Conformal printing allows the antenna's meander lines to be printed on the outside or inside of hemispherical substrates, adding to its flexibility.

"Unlike planar substrates, the surface normal is constantly changing on curvilinear surfaces, which presents added fabrication challenges," Lewis noted. To conformally print features on hemispherical substrates, the silver ink must strongly wet the surface to facilitate patterning even when the deposition nozzle (100 m diameter) is perpendicular to the printing surface.

To fabricate an antenna that can withstand mechanical handling, for example, the silver nanoparticle ink is printed on the interior surface of glass hemispheres.

Other non-spherical ESAs can be designed and printed using a similar approach to enable integration of low Q antennas on, for example, the inside of a cell phone case or the wing of an unmanned aerial vehicle.

The antenna's operating frequency is determined primarily by the printed conductor cross-section and the spacing (or pitch) between meander lines within each arm.

According to the researchers, their design can be rapidly adapted to new specifications, including other operating frequencies, device sizes, or encapsulated designs that offer enhanced mechanical robustness.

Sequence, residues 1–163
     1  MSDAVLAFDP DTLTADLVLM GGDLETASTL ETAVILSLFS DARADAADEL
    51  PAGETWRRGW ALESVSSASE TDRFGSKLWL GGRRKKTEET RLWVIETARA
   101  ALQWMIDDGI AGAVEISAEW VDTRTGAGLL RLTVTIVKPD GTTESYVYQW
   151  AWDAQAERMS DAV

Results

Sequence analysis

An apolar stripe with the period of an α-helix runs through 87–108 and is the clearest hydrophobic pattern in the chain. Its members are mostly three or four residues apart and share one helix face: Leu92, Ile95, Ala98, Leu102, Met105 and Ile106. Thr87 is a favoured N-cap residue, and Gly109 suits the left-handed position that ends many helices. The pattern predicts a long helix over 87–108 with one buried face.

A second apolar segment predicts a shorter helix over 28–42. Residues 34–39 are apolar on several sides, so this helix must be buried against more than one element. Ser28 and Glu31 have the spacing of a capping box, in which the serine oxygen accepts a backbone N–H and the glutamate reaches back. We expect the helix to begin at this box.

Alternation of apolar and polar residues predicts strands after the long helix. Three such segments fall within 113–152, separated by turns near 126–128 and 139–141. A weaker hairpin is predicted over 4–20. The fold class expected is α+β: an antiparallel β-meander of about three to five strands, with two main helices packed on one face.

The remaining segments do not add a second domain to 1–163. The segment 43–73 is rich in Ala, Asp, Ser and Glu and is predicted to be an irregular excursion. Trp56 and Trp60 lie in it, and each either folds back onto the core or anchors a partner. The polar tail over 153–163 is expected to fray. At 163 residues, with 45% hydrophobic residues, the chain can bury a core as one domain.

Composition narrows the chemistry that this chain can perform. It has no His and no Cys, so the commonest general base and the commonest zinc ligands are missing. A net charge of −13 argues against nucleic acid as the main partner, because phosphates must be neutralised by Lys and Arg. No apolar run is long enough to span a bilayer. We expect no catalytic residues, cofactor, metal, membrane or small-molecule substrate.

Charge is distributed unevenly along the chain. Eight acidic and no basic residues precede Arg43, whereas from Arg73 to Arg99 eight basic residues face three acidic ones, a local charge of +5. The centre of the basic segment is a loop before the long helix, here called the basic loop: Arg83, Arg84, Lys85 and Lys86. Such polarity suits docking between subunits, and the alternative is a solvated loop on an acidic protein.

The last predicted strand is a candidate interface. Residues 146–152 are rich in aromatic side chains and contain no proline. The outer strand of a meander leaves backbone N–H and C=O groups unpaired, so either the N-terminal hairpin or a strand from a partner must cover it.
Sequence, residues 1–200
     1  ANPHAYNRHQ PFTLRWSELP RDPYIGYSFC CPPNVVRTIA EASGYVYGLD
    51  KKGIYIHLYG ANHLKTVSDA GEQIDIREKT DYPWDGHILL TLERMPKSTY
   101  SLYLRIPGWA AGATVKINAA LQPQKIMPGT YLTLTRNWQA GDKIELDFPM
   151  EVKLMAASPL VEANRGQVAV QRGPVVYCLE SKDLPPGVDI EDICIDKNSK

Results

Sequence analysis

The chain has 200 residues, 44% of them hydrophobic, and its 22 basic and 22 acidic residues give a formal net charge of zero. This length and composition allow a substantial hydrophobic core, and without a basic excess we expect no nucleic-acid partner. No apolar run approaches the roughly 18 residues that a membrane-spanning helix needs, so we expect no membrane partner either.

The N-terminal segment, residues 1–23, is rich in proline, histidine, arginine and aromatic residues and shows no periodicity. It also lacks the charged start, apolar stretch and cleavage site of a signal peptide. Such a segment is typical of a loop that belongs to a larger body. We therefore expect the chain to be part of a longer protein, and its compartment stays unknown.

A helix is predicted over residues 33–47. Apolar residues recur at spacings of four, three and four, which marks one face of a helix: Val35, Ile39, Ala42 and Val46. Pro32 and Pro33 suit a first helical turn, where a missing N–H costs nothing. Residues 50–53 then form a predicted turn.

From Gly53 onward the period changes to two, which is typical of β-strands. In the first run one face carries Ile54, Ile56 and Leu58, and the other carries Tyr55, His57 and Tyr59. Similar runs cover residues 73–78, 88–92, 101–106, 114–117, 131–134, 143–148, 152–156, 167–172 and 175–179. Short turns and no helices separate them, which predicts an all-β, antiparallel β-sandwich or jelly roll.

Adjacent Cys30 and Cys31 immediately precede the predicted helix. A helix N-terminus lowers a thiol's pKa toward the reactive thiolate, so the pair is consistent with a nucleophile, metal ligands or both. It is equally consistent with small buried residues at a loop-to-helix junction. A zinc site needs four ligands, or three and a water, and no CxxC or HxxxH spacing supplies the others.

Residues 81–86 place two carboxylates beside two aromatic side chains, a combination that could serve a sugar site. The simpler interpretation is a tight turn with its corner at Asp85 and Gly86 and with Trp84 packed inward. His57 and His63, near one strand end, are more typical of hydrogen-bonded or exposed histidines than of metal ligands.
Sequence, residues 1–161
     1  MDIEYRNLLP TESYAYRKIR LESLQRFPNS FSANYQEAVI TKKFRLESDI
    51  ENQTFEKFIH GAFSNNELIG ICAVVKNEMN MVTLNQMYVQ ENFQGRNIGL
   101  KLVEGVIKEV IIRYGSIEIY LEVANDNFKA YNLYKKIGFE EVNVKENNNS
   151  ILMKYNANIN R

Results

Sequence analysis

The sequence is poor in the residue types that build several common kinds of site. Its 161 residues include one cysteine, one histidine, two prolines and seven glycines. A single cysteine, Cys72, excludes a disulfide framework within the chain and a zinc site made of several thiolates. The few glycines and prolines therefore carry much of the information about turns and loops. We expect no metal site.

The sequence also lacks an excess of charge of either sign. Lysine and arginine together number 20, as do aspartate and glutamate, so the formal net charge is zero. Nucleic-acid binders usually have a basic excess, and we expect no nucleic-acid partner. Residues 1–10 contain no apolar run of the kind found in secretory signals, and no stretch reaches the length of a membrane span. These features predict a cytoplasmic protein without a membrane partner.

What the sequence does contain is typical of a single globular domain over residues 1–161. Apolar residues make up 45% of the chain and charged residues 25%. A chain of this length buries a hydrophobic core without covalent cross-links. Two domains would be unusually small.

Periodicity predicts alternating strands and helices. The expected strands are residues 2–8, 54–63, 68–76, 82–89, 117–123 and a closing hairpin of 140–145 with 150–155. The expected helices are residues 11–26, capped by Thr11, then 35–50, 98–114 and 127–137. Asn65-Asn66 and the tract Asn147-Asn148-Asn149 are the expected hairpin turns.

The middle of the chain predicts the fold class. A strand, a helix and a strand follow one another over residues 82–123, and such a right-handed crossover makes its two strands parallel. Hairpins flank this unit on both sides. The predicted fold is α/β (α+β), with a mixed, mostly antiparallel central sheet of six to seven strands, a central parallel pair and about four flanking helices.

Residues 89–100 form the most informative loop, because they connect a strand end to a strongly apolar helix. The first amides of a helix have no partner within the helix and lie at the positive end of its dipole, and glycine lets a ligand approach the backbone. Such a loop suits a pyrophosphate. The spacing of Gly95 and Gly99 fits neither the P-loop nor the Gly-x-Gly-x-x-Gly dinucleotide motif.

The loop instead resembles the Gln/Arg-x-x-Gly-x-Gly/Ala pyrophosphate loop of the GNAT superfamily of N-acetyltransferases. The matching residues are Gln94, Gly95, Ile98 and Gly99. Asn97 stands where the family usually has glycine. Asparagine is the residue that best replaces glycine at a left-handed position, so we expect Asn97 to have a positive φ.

"This conformal printing technique can be extended other potential applications, including flexible, implantable, and wearable antennas, electronics, and sensors," Lewis said.



Share This Article With Planet Earth
del.icio.usdel.icio.us DiggDigg RedditReddit
YahooMyWebYahooMyWeb GoogleGoogle FacebookFacebook



Related Links
Frederick Seitz Materials Research Laboratory
Computer Chip Architecture, Technology and Manufacture
Nano Technology News From SpaceMart.com



Memory Foam Mattress Review
Newsletters :: SpaceDaily :: SpaceWar :: TerraDaily :: Energy Daily
XML Feeds :: Space News :: Earth News :: War News :: Solar Energy News


CHIP TECH
Taiwan's UMC to triple stake China chip maker
Taipei (AFP) March 17, 2011
Taiwan's United Microelectronics Corp, the world's second biggest contract microchip maker, plans to triple its stake in Chinese chip producer Hejian Technology to 45 percent, officials said Thursday. UMC plans to spend $87 million on the deal, which will give it 30 percent of the shares in Hejian on top its existing 15 percent holding, the Taiwanese company said in a statement. The deal ... read more